Digital imagery is stored electronically, making it easier to store, duplicate and transmit.
Time is saved in transmission, as digital imagery can be instantly sent from one location to another.

Screening Mammogram

A screening mammogram is recommended for women who do not have any signs or symptoms of breast cancer. According to The National Cancer Institute, a diagnostic mammogram or other imaging tests may be ordered by a physician to learn more if a mammogram shows an abnormality.

Women ages 40 and above should have mammograms every 1 or 2 years. This is important as the chance that a woman will develop breast cancer increases with her age.

Women who are under the age of 40 and have risk factors for breast cancer should consult their physician about getting a mammogram.

Diagnostic Mammogram

A diagnostic mammogram is used to check for breast cancer after a lump or other sign or symptom of breast cancer has been found.

These signs include:

Change in breast size/shape
Nipple discharge
Skin thickening

Diagnostic mammograms can provide clearer, more detailed images of the abnormality detected during the screening mammogram. They may also be used to detect any changes found since the time the screening mammogram was performed.

Breast Ultrasound

In addition to a mammogram, your physician may recommend a breast ultrasound. An ultrasound allows clinicians to get a more comprehensive view of breast tissues and chest walls to determine the causes of a breast symptom. A Breast ultrasound is also beneficial to clinicians in ascertaining the nature of a breast lump, which may be a fluid filled cyst or a solid mass.

During a breast ultrasound, a clinician will spread lubricating jelly across the area to be examined and then move a hand held device across the area, known as a transducer, to direct the sound waves through the tissues. These waves are reflected back, passing through the transducer, and back to the monitor, where they create an image.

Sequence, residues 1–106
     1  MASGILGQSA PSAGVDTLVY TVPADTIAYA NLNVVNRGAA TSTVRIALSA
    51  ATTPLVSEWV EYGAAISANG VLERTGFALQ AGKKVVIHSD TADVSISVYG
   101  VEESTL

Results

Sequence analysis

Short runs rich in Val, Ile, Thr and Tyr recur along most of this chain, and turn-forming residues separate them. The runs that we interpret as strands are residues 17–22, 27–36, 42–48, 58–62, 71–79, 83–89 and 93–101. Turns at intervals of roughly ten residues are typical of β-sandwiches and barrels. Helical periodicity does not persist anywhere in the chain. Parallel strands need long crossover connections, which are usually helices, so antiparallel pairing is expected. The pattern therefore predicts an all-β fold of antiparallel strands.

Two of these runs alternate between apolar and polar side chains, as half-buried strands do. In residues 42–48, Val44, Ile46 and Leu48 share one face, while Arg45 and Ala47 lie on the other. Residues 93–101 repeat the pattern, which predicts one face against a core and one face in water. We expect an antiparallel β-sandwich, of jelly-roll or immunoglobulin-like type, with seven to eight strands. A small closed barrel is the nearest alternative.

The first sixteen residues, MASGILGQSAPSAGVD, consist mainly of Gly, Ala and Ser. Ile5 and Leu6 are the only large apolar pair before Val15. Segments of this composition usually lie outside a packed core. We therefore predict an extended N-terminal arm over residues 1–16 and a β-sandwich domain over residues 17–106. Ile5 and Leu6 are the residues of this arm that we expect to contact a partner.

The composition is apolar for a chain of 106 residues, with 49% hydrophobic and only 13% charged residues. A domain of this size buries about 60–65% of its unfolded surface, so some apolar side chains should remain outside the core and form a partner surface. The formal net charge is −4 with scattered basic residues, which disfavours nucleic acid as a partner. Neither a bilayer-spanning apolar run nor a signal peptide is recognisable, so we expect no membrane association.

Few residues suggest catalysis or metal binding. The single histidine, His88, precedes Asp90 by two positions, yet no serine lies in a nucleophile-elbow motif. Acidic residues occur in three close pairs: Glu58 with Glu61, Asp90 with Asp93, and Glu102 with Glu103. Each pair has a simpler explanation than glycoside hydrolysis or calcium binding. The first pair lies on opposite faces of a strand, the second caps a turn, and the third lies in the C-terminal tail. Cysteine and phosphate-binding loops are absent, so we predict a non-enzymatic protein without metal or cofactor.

Breast Biopsy

A physician may call for a biopsy after a breast exam, mammogram, or ultrasound, in order to determine a diagnosis.

Fine Needle Aspiration

In order to evaluate a lump further, a small amount of fluid is removed by using a needle. The removed portion is then studied by pathologists. This procedure can give clinicians the clearest information about the nature of the lump. If the results indicate that the lump is a cyst, then the fluid can be drained out, and may relieve symptoms of pain or discomfort. If the lump is not a cyst, a different type of biopsy may be performed.

Needle Localized Breast Biopsy and Wire Localization
Needle localization biopsies and wire localizations are used to pinpoint the correct location of a breast abnormality for a surgeon, who will use the wire as a guide to the lump that needs to be removed. This procedure involves inserting a thin needle at the site of the abnormality; then, a fine wire is fed through and lodged in the target tissue to be removed. To ensure that the wire is at the correct location, another mammogram is taken and the wire is repositioned if necessary. The wire will be removed along with the area that is biopsied during surgery.